African Queers

Asexual Awareness Week

October 20th-26th is Asexual Awareness Week in Nigeria.

Asexuality is largely understood in the ace community as a lack of sexual attraction. Sexual attraction is different than sexual desire. To be asexual does not necessarily mean to be without sexual desire, but without sexual attraction. Although many asexual people do not engage in sexual activity, some do, and this does not invalidate their asexuality.

If you’d like to know more about being Asexual or navigating Asexuality in Nigeria, AceandNigerian has remarkable resources and community.

My jar of Chapman and all the floral sweetness above is raised in cheers of Ace Week 2019.

Also in celebration I’m republishing my story, The Peace That is You published in June. It’s a story of acceptance and navigating intimacy with an asexual love interest.


THE PEACE THAT IS YOU

Whenever I see a woman on low cut, whether golden, wine, brown or black curls or coils she rocks cropped. I think of you. Of the night I met you and how your smile injected peace into my tired face. Of how I was so sure you would be mine. In less than 2 mins, sitted beside me, your fair skin beaming in the night, you dispelled my assurance. You were for yourself, alone. I didn’t stutter that I hadn’t meant I wanted to own you. Instead I nodded and knew from then on. I knew we’d never fry plantain or ofada stew together and watch the orange sun set. You would stop responding to my texts. I cancelled our first date because of stabbing menstrual cramps during a thunderstorm.

I saw your post online some weeks ago. I was surprised I still followed you. I thought I unfollowed you after realizing you were ignoring my calls and texts. I remember feeling my anger and jealousy dispel as I gazed at your right cheek, arched pink lipped smile, delicate eyelashes and small breasts obscured by the dress. I felt at peace. Your caption had said you had been searching for peace.

My full eyebrows shot up surprised. You found it. Where? I wasn’t surprised. What made me surprised was that you didn’t know. You could simply look at yourself and be at peace. You see, you are an enlightenment in herself, drapped with serenity, colored warm with kindness.

You could have simply let me see you again. So you could look into my brown eyes, which would have been cleansed by shed tears from the chopped purple onions and fried palm oil smoke. So you could look and see that you are peace. But it isn’t simple. Probably won’t have been simple even if I swam across Mile 2 to Lekki, my womb perforated raw.

You were searching. For yourself. I’ve taken that journey. I still would have kissed your soft cheeks and their tiny blond hairs while leaving the jazz club I never came to. Today I saw another woman. She had this golden brown-winish low cut. I thought of you. I prayed you had found the peace that is you.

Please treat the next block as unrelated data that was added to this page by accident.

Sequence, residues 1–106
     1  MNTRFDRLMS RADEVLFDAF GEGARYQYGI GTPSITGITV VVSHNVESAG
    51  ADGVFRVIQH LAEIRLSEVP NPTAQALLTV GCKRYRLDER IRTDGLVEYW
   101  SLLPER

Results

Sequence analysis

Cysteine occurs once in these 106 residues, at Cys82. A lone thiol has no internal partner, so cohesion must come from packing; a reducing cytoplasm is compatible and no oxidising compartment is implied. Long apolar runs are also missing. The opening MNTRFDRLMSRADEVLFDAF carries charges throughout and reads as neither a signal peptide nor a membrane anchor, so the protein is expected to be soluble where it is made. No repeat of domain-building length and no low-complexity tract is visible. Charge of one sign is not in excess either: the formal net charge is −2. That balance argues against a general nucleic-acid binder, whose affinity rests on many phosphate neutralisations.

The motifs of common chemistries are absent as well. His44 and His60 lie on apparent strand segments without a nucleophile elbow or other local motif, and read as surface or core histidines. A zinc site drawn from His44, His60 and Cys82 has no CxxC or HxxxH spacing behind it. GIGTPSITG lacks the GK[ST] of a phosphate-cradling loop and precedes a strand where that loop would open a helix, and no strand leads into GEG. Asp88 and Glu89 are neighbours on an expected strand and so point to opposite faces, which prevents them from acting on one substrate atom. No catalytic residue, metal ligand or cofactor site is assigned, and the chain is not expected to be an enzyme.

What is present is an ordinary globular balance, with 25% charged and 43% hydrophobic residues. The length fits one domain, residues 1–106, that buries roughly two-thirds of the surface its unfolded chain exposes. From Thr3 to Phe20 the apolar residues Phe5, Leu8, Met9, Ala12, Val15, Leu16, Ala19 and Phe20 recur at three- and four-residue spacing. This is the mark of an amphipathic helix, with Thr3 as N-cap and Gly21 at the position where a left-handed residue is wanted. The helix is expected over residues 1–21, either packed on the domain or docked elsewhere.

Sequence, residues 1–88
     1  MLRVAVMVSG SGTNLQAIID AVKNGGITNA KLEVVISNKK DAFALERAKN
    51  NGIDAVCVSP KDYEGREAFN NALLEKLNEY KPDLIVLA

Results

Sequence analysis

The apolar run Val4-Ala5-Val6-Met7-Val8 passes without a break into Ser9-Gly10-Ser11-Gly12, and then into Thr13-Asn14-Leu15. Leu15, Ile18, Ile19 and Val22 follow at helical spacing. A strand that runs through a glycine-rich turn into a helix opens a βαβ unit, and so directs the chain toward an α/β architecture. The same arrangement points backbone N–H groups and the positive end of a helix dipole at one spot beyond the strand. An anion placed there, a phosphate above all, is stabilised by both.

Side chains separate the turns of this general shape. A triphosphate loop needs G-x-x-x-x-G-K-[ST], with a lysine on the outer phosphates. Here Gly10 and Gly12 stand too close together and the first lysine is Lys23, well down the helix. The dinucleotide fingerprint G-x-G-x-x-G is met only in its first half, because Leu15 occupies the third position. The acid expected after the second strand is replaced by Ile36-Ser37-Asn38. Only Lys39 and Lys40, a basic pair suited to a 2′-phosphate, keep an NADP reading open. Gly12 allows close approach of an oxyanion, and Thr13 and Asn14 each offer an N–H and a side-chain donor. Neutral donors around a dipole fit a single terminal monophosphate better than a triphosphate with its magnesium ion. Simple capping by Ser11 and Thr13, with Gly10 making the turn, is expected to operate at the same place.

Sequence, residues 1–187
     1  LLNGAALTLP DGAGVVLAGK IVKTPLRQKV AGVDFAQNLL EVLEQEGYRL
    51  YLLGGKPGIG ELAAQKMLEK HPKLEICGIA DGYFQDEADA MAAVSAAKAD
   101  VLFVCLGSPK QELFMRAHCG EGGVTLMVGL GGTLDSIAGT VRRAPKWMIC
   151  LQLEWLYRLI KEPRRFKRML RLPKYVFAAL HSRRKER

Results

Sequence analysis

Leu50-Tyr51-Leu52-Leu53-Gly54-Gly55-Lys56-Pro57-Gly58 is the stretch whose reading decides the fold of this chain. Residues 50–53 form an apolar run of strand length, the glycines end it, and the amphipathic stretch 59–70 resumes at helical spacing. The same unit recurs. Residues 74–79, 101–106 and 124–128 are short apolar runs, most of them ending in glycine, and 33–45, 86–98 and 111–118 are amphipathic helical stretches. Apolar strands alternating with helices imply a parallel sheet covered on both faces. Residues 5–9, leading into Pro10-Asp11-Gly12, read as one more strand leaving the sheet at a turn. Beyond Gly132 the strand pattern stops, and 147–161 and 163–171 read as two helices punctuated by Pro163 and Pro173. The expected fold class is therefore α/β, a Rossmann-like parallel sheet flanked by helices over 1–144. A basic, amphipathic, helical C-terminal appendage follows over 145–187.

END.


Thanks for reading Gem!

SHE CALLED ME WOMAN

Book Quotes from SHE CALLED ME WOMAN which taught me Life Lessons.

This book is trail blazing and necessary. Edited by Azeenarh Mohammed, Rafeeat Aliyu, Chitra Nagarajan, She Called Me Woman is an intimate collection of 25 first-hand accounts of queer female Nigerian experiences.

I’ve learnt a lot about freedom, resistance, importance of self acceptance, supportive family and community, financial independence, intimacy, sex and love, emotional abuse by partners, hope, abuse against women, homophobia and safety.

Glimpse my emotional reading journey here. I lent it to my anticipating Bestie, Biggie in Lagos, to read before I travelled to Abuja for my NLS Externship.

Below are quotes from many narratives I enjoyed reading. Under each piece are more than one quote.

She Called Me ‘Woman’

‘Patience is the most important lesson I have learned in life. You will get what you want. Never lose focus. No matter what, never lose focus, ever.’


I Want To Be Myself Around People I Care About

‘For young people, be yourself. If you know you are queer, be yourself, do it. Do not let anyone restrict you.’

‘I think I can pray to God on my bed in my house without having to listen to someone interpret the Bible for me. I can read my Bible and understand it.’


Focusing On Joy

‘For me, a relationship should be free in terms of gender roles. I have not found this with the men and queer women I’ve been with. People have not worked through their own perceptions or a gender-free relationship isn’t what they want. And maybe I haven’t worked through my own..Everyone has their own stuff to come to terms with. Everyone wants to be affirmed in different ways and sometimes in very gendered ways.’

‘In all that you do, do not lose the practice of experiencing joy and creating it.’

My Sexuality Is Just The Icing On the Cake

‘She asks, ‘You are the dude, right?’ I reply, ‘No, there is no dude. I’m the girl and she’s the girl’.

‘There is a lot of preaching against homosexuality in the churches..It makes me feel like they are preaching hate. They are speaking on God’s behalf, but you cannot tell me this is what God is saying when you’re not God.’